Thursday: Psalms 9-10 & 1 Corinthians 15.1-11

From Ryan Ruffing

Psalms 9 and 10: Psalms 9 and 10 should likely be read as a single poem, unified by an acrostic form with every other line beginning in the next letter of the Hebrew alphabet.  The psalms speak of a day-to-day reality in which it can appear that God is unconcerned for the plight of his people at the hands of the wicked.  The wicked and the righteous both experience this apparent silence of God, but respond in drastically different ways.  The wicked say “God has forgotten, he has hidden his face, he will never see it,” (10:11) and go on to oppress and strike further terror.  But the faithful cry out to God – "Why, O Lord, do you stand far away?" (10:1) – and wait expectantly for his deliverance.  In the midst of this, the psalm is abundantly clear about the overarching reality of God’s sovereignty.  Though circumstances can temporarily cloud our vision, nonetheless, “the Lord sits enthroned forever.” (9:7)  This is not always an obscured reality, but one manifest in God’s wonderful deeds in history (9:1) and in the psalmist’s own experience (9:3-4).   This lived experience of God’s sovereignty is what allows the beautiful and intimate proclamation of faith – “but you do see, for you note mischief and vexation, that you may take it into your hands.” (10:14)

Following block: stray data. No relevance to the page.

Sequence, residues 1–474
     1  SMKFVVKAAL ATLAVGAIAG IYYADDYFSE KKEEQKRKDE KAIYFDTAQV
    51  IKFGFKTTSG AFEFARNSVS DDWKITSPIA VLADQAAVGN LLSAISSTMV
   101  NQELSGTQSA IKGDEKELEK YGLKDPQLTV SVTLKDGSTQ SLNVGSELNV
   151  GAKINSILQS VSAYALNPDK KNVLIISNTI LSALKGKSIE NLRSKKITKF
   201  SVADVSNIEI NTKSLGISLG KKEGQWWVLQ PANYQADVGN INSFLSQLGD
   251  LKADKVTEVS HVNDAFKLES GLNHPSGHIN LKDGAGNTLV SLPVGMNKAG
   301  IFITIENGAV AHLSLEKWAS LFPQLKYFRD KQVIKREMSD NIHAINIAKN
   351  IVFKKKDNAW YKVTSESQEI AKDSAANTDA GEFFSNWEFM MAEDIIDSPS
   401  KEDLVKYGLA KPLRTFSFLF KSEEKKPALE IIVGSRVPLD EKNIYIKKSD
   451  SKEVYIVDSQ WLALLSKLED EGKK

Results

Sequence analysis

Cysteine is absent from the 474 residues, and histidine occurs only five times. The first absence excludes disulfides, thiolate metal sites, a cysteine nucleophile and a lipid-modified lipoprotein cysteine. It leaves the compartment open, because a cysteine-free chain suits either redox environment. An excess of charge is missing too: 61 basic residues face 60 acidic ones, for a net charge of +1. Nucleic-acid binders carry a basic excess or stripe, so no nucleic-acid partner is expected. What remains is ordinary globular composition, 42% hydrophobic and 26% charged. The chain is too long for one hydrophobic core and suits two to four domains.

1 Corinthians 15:1-11: Paul is coming to the end of his letter to the Corinthians, and he now moves to what is absolutely central – the resurrection of Christ.  Using what many think is one of the earliest creedal formulations of the faith, he summarizes the thrust of the Gospel – “that Christ died for our sins in accordance with the Scriptures, that he was buried, that he was raised on the third day in accordance with the Scriptures.” (15:3-4)  It is interesting that within this short statement of faith the phrase “in accordance with the Scriptures” appears twice.  It is clear that for the early church the message of the Gospel was not seen in contradiction to the Old Testament scriptures, but in continuity with them.  In Isaiah 53 we see one such prophetic point of continuity – the suffering servant depicted in the passage bears the transgressions of the people (53:4-5), goes to his grave (53:9), and yet his life will be prolonged and “the  will of the LORD shall prosper in his hand.” (53:10)